Scientists recently detected dark matter residing around galaxies that have existed for around 12 billion years. The discovery of this mysterious and vital universal substance has made it the earliest detected dark matter yet. Further, the discovery suggests that dark matter in our early universe was much less “clumpy” than we originally predicted.
Scientists just found the earliest detected dark matter yet
Finding dark matter around galaxies isn’t exactly a new thing. This mysterious substance is crucial to the many models that govern the expansion and functioning of our universe. This discovery challenges some things that we believed we knew about the origins of dark matter.
On top of being the earliest detected dark matter yet, the discovery could change our understanding of how galaxies evolve entirely. It could also suggest that the fundamental rules governing galaxies formed in the early universe are different than newer galaxies.
Although there is still much to be confirmed, it’s a good start in expanding that direction. The findings were achieved by a collaboration led by researchers at Japan’s Nagoya University. They published those findings in Physical Review Letters.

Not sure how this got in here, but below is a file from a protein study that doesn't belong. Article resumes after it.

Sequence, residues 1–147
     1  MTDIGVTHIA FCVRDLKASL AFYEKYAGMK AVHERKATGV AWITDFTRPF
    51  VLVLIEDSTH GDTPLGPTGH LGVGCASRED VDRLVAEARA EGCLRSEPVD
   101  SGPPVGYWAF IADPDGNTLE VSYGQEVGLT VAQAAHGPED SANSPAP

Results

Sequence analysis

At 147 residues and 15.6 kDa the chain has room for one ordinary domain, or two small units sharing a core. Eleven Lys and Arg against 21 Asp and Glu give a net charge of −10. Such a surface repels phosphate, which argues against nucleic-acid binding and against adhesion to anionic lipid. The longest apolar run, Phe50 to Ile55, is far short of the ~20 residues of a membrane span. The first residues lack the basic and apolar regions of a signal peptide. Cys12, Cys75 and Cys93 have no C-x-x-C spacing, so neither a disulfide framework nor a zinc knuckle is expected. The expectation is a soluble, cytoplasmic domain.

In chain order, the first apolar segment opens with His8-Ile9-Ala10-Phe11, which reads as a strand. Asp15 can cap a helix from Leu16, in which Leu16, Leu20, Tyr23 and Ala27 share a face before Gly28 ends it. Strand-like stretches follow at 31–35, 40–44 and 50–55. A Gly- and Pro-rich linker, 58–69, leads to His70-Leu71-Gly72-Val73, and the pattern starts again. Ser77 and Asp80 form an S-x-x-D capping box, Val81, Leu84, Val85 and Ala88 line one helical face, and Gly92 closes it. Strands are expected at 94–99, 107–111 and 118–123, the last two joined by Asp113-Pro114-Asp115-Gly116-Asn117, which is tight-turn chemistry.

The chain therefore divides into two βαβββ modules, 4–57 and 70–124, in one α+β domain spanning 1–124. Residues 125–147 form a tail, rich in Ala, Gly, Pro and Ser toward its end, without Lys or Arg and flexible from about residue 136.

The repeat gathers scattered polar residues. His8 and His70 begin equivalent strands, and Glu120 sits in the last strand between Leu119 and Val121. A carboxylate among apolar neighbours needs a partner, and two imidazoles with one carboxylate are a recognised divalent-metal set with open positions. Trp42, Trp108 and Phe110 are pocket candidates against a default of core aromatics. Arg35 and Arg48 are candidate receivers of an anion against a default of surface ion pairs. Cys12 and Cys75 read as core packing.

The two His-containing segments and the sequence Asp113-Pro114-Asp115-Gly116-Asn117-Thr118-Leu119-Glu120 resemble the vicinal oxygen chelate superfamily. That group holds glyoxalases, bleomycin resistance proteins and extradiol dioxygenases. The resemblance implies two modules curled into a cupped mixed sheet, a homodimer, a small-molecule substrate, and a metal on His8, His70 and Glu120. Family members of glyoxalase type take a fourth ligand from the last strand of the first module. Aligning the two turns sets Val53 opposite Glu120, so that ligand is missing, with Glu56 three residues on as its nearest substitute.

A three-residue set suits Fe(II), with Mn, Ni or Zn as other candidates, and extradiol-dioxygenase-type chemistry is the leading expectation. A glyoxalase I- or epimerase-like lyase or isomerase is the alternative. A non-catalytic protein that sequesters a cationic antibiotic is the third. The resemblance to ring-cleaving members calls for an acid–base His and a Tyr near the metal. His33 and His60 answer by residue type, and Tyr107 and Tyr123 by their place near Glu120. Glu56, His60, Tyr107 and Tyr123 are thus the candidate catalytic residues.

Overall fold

Dark matter rules
Finding the earliest detection of dark matter is a good discovery, though. And it isn’t something that came easily. The location of most dark matter studies around distant galaxies has remained the same for many years. That’s because, beyond a certain point, scientists cannot detect dark matter as it is hard to detect the distortion dark matter causes.
This makes it more difficult to see dark matter around galaxies. It has also made it more challenging to understand dark matter in old galaxies. Researchers may now have a better method to find dark matter in early universe galaxies.
To find out the most recent detections of dark matter, researchers used observations from the Subaru Hyper Suprime-Cam Survey. First, the team identified 1. 5 million lens galaxies with visible light. These galaxies were all selected to be seen 12 billion years ago, a press release notes.
From there the team started using microwaves from CMB (cosmic microwave background). The radiation residue from the Big Bang allowed them to measure how the dark matter around the lens galaxies distorted the microwaves. They were able to find the first detection of dark matter that we have ever made.
For now, though, we’ll need to wait for more research to confirm these findings. If they succeed, however, this could open up new avenues for understanding dark matter, and the basic rules that led to early universe galaxies.
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